'Mission: Impossible - Rogue Nation'
It’s bizarre to think that Tom Cruise managed to will an old TV series into a film franchise that’s kept trucking for 19 years and counting. Yet here we are with a fifth ‘Mission: Impossible’ movie that’s really starting to show some franchise fatigue.
Thus far, the series has thrived on hiring distinct directors like Brian De Palma, John Woo, J.J. Abrams and Brad Bird to each bring his own unique take to Cruise’s cartoon espionage adventures. Unfortunately, this time Cruise saddled the franchise with Christopher McQuarrie, a talented screenwriter without much of a directorial voice. Aside from piling plot twists on top of plot twists and taking everything far too seriously, McQuarrie doesn’t have much of a stamp to lend ‘Rogue Nation’. As a result, the latest episode in the Tom Cruise spy show feels a little tedious.
Things kick off with that big Tom-Cruise-tied-to-a-plane stunt that you’ve heard so much about. While the stunt is impressive, the sequence drops with no setup or payoff. It’s just a cool idea that everyone had to start the movie despite the fact that it has nothing to do with anything else. That’s sort of the problem with ‘Mission: Impossible – Rogue Nation’ as a whole. The set-pieces are fun and intricately designed, while the plot is just a bunch of espionage gobbledygook barely holding it all together. Granted, aside from the first Robert Towne-scripted movie, the ‘M:I’ flicks haven’t exactly been renowned for their intricate plotting. But given that writer/director Christopher McQuarrie has an Oscar for screenwriting, you’d hope the movie would play a little smoother than this.
Not so much. The plot is something to do with an international rogue organization of former spies called The Syndicate, which Tom Cruise (well, he’s technically named Ethan Hunt, but let’s be honest, the character never had a personality beyond being Tom Cruise) is determined to stop. Unfortunately, big CIA boss man Alec Baldwin won’t hear of it. After a series of mix-’em-ups, Cruise ends up having to go rogue to save the world. You know, exactly like all the other ‘Mission: Impossible’ movies.
Cruise stumbles onto an agent within the Syndicate played by the delightful discovery Rebecca Ferguson (seriously, she’s great) who gives him info on super-duper Syndicate baddie Sean Harris. Then, one-by-one, Cruise collects his teammates Ving Rhames, Simon Pegg and Jeremy Renner to help out. Crosses turn into double-crosses, which then turn into triple-crosses until eventually the only person who knows what’s going on is Cruise, who has to both save his reputation and the world (but oddly, not get the girl in this weirdly asexual spy movie).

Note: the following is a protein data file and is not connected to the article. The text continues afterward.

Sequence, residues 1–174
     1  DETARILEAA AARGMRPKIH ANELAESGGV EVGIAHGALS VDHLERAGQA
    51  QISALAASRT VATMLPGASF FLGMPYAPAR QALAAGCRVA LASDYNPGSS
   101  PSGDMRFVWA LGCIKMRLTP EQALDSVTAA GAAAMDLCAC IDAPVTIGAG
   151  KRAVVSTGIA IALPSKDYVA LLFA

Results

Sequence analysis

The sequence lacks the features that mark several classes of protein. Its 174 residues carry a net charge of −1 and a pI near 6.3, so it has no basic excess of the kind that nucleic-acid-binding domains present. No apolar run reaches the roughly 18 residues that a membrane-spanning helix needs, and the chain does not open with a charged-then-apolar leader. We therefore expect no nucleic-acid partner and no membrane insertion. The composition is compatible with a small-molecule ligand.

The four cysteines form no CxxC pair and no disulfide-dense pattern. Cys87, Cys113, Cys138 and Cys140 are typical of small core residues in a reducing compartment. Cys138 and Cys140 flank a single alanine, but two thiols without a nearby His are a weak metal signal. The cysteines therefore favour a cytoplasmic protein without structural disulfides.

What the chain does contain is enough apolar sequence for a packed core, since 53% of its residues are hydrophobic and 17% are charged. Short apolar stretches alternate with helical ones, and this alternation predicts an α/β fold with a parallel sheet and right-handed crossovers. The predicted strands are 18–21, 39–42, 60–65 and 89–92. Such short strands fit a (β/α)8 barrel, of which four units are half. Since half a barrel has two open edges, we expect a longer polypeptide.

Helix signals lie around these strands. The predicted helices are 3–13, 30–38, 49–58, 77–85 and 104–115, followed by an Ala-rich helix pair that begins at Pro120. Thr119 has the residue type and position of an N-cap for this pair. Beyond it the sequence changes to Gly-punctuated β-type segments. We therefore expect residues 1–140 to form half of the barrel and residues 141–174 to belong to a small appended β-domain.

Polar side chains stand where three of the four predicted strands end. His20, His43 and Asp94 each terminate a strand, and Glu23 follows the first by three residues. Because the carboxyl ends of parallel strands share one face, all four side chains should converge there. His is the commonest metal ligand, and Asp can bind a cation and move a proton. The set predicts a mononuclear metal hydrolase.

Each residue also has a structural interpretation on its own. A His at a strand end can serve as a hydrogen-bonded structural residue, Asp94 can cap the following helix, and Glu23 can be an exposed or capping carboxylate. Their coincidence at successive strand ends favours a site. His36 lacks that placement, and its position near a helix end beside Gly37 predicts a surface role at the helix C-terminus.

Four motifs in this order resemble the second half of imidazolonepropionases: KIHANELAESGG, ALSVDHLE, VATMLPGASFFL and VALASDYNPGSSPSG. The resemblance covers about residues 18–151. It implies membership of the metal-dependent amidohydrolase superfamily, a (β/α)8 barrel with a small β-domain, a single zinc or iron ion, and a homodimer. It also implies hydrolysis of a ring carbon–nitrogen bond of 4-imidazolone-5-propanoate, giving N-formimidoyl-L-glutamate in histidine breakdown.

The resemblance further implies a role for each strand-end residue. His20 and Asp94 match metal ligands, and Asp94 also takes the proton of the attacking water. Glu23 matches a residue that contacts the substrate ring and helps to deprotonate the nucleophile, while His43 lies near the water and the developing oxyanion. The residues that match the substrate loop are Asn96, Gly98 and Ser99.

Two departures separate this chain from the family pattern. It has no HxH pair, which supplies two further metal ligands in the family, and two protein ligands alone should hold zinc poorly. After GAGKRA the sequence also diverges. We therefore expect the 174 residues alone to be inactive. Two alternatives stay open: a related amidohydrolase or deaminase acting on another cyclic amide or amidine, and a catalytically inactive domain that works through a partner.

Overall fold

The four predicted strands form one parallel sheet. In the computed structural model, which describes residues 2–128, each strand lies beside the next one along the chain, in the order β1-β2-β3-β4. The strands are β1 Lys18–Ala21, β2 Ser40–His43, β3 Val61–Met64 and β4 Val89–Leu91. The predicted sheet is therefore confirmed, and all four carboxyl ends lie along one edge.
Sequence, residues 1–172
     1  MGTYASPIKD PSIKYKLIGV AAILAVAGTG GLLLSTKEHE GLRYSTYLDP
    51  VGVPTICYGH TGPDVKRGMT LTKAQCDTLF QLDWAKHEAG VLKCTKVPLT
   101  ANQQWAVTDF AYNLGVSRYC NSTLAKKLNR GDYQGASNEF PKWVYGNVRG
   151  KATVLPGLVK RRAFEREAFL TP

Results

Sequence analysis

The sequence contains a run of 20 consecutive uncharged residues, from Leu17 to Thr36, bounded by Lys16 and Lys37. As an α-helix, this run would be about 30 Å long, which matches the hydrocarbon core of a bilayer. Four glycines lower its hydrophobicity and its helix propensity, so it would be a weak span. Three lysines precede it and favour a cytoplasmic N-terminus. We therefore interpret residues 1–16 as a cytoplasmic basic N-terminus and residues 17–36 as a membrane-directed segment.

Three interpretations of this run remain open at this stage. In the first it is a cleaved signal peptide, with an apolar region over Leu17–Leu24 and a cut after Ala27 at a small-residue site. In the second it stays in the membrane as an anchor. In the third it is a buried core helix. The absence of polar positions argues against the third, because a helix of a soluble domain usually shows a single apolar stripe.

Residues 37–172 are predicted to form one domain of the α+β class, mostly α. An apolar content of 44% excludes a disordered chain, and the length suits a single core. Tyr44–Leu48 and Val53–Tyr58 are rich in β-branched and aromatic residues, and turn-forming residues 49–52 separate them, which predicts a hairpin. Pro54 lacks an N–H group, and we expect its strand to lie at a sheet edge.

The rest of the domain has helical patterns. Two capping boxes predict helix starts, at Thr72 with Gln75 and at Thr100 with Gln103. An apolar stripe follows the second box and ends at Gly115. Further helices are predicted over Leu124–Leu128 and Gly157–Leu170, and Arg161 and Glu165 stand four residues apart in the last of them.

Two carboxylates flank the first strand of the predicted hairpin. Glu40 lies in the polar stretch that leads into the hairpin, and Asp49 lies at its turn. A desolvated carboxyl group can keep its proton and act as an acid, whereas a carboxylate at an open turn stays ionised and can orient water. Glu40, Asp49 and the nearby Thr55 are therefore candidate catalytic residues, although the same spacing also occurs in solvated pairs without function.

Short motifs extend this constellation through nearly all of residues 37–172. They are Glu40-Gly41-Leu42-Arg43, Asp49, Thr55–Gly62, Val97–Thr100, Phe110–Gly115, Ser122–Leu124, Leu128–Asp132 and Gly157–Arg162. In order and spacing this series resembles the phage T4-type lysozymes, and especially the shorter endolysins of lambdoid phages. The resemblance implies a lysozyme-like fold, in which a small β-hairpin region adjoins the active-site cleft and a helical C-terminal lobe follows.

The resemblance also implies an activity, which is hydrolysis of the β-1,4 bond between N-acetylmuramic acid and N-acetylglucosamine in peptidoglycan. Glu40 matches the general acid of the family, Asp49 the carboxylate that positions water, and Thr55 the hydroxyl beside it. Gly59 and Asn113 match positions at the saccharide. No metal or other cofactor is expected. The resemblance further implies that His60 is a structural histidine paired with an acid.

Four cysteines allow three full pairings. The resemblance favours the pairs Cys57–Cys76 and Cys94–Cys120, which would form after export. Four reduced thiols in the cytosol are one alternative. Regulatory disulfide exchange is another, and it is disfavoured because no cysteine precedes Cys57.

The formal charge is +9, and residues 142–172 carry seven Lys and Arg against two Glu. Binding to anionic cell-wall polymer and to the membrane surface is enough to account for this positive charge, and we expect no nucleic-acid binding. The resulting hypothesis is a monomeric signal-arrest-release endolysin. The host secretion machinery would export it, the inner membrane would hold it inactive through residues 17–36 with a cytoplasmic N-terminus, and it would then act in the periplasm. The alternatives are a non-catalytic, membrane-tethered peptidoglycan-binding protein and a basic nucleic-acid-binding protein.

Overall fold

The good news is that the set-pieces never cease to deliver, whether it’s a wild motorcycle chase through the mountains or an underwater spin on the dangling list-stealing sequence from ‘M:I 1’. There’s a great deal of fun to be had, mixing some fantastic stunt work with just enough CGI to bend reality without breaking it. Cruise does his thing fairly well, furrowing his brow either comedically or dramatically when required and pulling of some pretty great action and fight scenes for a fifty-something.
Simon Pegg tosses in some befuddled British comedy charm. Ferguson delivers a sexy and tough-as-nails spy companion. Renner stands around in the frame with intent, and Ving Rhames tilts his hat sideways while sitting in front of a series of laptops (so you know he’s cool). Beyond that, everyone in the cast just spits out dialogue without emotion or wit, going through the motions because this movie requires a plot between all the chases, explosions, star-gazing and sight-seeing.
It’s no surprise to learn that ‘Rogue Nation’ went into production without an ending. Quite frankly, I wouldn’t be surprised if all that had been decided were the set-pieces and cast list before the cameras started rolling. There’s a dry and dreary functionary nature to all the dialogue and plotting that’s a real letdown. It’s not just meaningless, but executed without joy. Sure, there are dramatic speeches and plot twists a-plenty, yet none of it adds up to much. That was true of ‘Ghost Protocol’ as well, but at least Brad Bird gave the movie such a heightened cartoony zeal that the plot didn’t matter; it was just a necessary excuse to continue the zaniness. In ‘Rogue Nation’, McQuarrie attempts to conjure the dour feeling of a Jason Bourne movie, only without any of the pointed politics or paranoia required to pull it off.
This ‘M:I’ fivequel is still fluff, only now its somber and stern-faced fluff that’s hard to take seriously. By the time Alec Bawldwin earnestly delivers one of the most ludicrous lines in blockbuster history near the climax, the audience is guaranteed to burst out laughing – not because they should laugh at that line, but because they’re desperate for an excuse to laugh at such a silly spy movie wrongfully pitched with po-faced sincerity.
Hopefully, if the ‘Mission: Impossible’ franchise continues, Cruise will spend a little more time developing the script and hire a director who knows it’s all supposed to be fun. To be fair, there are times when ‘Rogue Nation’ is quite fun. It’s just a shame that none of the filmmakers or actors get a chance to share in that fun with the stunt guys.